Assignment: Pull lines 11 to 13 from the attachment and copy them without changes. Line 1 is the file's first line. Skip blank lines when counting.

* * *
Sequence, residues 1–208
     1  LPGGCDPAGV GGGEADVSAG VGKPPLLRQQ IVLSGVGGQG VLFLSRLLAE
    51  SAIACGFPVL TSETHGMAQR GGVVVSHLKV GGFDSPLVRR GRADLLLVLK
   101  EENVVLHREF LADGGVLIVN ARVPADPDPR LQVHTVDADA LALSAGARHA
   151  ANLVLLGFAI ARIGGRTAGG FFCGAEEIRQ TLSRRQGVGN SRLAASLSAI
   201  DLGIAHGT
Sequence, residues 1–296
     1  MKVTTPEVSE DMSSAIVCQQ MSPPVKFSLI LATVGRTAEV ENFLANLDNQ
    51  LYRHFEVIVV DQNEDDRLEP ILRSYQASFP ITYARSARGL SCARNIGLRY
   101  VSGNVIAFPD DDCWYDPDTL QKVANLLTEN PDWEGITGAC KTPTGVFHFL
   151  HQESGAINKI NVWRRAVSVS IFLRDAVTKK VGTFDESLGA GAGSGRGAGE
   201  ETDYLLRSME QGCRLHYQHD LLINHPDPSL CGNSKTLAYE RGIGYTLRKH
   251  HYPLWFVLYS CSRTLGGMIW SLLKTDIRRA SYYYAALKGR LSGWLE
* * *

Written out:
   151  HQESGAINKI NVWRRAVSVS IFLRDAVTKK VGTFDESLGA GAGSGRGAGE
   201  ETDYLLRSME QGCRLHYQHD LLINHPDPSL CGNSKTLAYE RGIGYTLRKH
   251  HYPLWFVLYS CSRTLGGMIW SLLKTDIRRA SYYYAALKGR LSGWLE